Monday, 29 February 2016

Code-Behind for Web Application Projects

In this tutorial we will learn the code-behind model and the project structure of pages built For Web Application Projects.
ASP.NET Pages in web project have associated with two files  one is a .aspx file that contains the html and declarative server control mark-up, and the other page is a .cs "code-behind" file that contains the UI logic for the page
Control mark-up declarations are defined within the .aspx file itself.  For example:
And corresponding protected field declarations are added in the .cs code-behind class that match the name and type of controls defined within the .aspx file. For example:
Here we want to show date in the label when we select date from the calendar,so for that see the following code.

You can then set a breakpoint (press the F9 key on the line to set it on), and then hit F5 to compile, run and debug the page:


using System;
using System.Collections.Generic;
using System.Linq;
using System.Web;
using System.Web.UI;
using System.Web.UI.WebControls;

namespace FirstWebApplication
{
    public partial class FirstWebPage : System.Web.UI.Page
    {
        protected void Page_Load(object sender, EventArgs e)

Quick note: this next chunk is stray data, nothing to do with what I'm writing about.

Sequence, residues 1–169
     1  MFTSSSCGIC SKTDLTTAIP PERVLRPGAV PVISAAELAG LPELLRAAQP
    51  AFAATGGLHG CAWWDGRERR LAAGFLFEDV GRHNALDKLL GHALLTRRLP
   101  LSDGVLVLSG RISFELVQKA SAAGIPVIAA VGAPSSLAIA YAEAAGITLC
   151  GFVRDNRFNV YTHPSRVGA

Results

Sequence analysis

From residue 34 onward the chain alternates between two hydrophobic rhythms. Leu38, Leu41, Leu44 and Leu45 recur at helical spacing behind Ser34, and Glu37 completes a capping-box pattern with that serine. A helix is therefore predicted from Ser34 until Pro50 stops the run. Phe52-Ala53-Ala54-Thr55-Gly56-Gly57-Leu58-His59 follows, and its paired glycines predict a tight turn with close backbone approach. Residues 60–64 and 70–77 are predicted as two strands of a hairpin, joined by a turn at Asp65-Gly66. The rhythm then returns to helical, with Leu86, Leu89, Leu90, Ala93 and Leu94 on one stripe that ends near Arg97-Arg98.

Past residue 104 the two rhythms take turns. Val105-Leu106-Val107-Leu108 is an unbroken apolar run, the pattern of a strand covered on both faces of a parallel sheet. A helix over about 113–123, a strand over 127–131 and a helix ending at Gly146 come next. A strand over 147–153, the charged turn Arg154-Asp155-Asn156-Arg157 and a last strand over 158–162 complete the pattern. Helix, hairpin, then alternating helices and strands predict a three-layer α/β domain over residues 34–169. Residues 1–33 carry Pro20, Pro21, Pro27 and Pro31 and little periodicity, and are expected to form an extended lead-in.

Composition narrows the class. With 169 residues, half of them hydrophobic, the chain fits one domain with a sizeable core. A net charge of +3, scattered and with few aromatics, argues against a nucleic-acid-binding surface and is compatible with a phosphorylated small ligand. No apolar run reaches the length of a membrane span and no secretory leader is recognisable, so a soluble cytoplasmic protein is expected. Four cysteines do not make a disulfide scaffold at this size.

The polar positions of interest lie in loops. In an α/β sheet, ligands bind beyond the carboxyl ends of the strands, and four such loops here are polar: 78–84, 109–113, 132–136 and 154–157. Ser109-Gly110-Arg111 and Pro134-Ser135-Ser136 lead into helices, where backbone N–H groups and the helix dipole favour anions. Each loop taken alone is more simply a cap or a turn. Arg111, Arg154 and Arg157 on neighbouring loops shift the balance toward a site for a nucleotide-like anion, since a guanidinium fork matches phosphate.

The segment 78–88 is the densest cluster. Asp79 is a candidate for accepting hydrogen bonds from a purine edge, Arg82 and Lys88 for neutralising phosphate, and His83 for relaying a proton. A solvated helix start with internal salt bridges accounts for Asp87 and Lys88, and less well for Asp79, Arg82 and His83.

{
            if(!Page.IsPostBack)
            {
                Calendar1.SelectedDate = DateTime.Now;
                Label1.Text = "please select a date from calendar";
            }
        }
    }
}

Now if you run your application your result will be

Handling server events from controls in our .aspx page
To handle a server event from a control on your page, you can either manually add an event-handler to the control yourself (by overridng the OnInit method in your code-behind class and adding the event delegate there), or by using the WYSIWYG designer to generate an event handler.
You can double-click on any of the events to automatically add a default named event handler.  Alternatively, you can type the name of the event handler you wish to generate.

You can then add whatever code you want within the code-behind file:

using System;
using System.Collections.Generic;
using System.Linq;
using System.Web;
using System.Web.UI;
using System.Web.UI.WebControls;

namespace FirstWebApplication
{
    public partial class FirstWebPage : System.Web.UI.Page
    {
        protected void Page_Load(object sender, EventArgs e)
        {
            if(!Page.IsPostBack)
            {
                Calendar1.SelectedDate = DateTime.Now;
                Label1.Text = "please select a date from calendar";
            }
        }

        protected void Calendar1_SelectionChanged(object sender, EventArgs e)
        {
            Label1.Text = "Your selected date from calendar is '" + Calendar1.SelectedDate.ToShortDateString() +"'";
        }
    }
}
Now run your application and select a date from calendar then o/p will be




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